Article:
Do you want to develop your small clients into possible "dream clients"? Try …

Romancing Your Client for a Long-Term Relationship

There are seven things you can do with all your clients, regardless of how big or small they are, to start laying the groundwork for years of working together:

1. Communicate. They say communication is the key to any good relationship, right? This is especially important on the first project, or there may not be more. Make sure you're completely clear on the parameters of the project and about what's expected. No surprises makes for a happy client (and a happy copywriter).

2. Focus on their needs. Show that your main concern is to help them grow. I asked the owner of The Perfect Workout what his plans were, how much he wanted to grow and how fast. I made it clear that my number one priority was to help him achieve those goals.

3. Put your best foot forward. You do this in a romantic relationship, don't you? Deliver your best quality work always. Look sharp (your copy, and you, if you ever see them in person). Show up on time like you would for a first date. Be polite and gracious.

4. Appreciate them. I'm not talking flowers for Valentine's Day, although that wouldn't hurt with some clients. Yes, I know you're doing them a favor by writing great copy and increasing their business. But thank them. Thank them for their business. Thank them for the opportunity to work together. When your copy hits a home run, they'll appreciate you, too. If you only hit a single, they'll give you another chance.

5. Nurture the relationship. If you have a great first date, what do you do? You call the person and ask them out again. Same thing here. Don't drop the ball after the first project and wait for them to call you. Initiate the conversation. Ask how things went. Get some feedback. Let them know you're interested in working together again, and suggest some ideas. Keep in touch.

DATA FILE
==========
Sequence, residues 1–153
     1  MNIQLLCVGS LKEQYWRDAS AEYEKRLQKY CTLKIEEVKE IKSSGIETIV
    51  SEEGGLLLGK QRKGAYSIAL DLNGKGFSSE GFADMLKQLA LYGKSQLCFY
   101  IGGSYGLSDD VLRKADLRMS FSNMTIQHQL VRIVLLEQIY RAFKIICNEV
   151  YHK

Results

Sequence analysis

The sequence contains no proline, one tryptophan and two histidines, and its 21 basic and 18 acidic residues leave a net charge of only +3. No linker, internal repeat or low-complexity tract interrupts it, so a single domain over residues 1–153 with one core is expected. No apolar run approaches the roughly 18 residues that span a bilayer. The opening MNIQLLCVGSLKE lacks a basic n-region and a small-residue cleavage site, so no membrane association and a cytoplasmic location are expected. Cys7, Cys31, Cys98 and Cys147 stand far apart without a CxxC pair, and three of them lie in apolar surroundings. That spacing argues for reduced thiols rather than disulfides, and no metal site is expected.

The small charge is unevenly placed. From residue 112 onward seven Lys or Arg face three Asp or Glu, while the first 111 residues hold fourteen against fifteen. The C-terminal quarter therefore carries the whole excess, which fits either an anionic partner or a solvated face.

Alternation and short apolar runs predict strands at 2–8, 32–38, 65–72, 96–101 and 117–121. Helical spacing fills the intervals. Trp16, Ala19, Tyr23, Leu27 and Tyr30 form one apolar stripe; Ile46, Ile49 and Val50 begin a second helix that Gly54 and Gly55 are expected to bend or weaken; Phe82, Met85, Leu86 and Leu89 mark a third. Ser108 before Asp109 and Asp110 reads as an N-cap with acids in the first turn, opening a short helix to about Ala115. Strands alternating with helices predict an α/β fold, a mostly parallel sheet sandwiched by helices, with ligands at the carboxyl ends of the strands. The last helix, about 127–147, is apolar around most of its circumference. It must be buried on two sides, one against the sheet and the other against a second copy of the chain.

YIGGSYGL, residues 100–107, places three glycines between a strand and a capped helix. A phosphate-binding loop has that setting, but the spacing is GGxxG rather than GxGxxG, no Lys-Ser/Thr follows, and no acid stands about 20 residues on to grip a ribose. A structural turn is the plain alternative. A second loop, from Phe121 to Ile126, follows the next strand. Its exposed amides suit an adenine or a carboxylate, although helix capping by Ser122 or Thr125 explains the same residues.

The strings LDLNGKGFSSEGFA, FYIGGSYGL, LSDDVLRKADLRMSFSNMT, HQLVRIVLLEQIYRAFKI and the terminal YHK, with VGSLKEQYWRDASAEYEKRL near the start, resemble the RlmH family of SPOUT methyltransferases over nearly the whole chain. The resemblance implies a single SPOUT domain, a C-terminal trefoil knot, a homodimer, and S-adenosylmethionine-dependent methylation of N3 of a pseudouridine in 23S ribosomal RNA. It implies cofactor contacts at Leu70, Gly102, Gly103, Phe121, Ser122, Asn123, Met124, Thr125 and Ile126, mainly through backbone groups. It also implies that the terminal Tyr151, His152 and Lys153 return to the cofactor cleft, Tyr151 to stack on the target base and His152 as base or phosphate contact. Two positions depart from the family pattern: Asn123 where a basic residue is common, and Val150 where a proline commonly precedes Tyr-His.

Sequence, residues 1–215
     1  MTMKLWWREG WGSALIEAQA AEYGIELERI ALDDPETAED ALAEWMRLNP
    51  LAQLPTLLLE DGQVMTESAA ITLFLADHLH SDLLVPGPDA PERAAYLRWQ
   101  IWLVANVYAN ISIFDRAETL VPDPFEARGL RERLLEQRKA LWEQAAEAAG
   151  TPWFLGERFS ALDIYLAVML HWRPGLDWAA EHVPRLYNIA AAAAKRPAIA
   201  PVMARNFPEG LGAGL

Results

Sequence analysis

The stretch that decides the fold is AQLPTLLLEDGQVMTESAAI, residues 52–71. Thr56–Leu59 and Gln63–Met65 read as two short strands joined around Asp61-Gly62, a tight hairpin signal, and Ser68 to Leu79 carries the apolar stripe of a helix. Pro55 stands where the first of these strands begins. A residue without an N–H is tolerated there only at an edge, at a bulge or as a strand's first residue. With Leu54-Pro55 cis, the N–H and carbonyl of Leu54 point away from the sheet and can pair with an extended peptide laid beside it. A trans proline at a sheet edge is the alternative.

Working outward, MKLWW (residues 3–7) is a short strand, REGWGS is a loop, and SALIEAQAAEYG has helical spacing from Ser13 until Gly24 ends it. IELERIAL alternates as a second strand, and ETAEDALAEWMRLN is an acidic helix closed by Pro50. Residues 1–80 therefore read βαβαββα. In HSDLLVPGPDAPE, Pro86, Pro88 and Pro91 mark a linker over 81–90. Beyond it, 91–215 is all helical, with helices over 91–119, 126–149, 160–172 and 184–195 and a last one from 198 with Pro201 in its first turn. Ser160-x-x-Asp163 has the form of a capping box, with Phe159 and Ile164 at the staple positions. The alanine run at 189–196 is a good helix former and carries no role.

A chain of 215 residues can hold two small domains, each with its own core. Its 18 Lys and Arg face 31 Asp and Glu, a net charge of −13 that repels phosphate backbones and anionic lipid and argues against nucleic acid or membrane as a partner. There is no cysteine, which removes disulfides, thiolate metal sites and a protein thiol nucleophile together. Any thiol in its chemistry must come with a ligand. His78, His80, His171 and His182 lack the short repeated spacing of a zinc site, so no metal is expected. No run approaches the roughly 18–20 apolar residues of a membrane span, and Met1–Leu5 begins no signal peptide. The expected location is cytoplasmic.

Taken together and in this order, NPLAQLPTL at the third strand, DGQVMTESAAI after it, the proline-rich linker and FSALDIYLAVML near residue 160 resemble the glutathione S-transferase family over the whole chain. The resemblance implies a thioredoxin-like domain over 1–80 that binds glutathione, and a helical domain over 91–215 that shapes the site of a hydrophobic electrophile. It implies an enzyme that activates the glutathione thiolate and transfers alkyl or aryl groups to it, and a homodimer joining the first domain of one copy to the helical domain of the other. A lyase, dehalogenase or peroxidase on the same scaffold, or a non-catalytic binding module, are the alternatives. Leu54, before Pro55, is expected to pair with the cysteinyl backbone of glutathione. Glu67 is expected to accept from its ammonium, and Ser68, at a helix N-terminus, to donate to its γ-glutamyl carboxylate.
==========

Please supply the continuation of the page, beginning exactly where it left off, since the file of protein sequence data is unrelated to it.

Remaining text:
6. Make it easy for them to say yes. If you've done the first five points here, it's only natural that they'll want to work with you again. With most clients, I assume that we'll continue to work together. Even if things don't go perfectly on the first project (ever have a mediocre first date that later turned into something more?), you'll get a second shot.

And finally …

7. Put some passion into it. You be the spark that initiates things. Don't wait for them. Get enthusiastic about whatever success you helped them achieve! Get excited about their potential if they implement your next idea. Most clients aren't going to be overly animated about their working relationship with you, so be the instigator.

Use these seven ideas to put some romance into your freelance business, and you'll have happy, profitable, and loyal clients.

The kind of clients that could very well turn into "dream clients."

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Published: February 14, 2012

1 Response to “How to Romance Your Clients for a Long-Term Relationship ”

  1. Thank you for your insights here, Steve, I bet that has been your forte because you attended the school of hard knocks and not just University of Wisconsion at Madison.

    In general, it is better to be proactive rather than reactive.

    When you show initiative, your clients and potential clients may not always clinch the deal, but they will appreciate your sense of professionalism.

    The early bird catches the worm, after all, and it is not easy to keep on ignoring an eager beaver.

    Sometimes, even when a client says "no" what he or she really means is "yes."

    What they are really looking for is your ability and willingness to be persistent.

    Archan MehtaJune 24, 2012 at 12:36 pm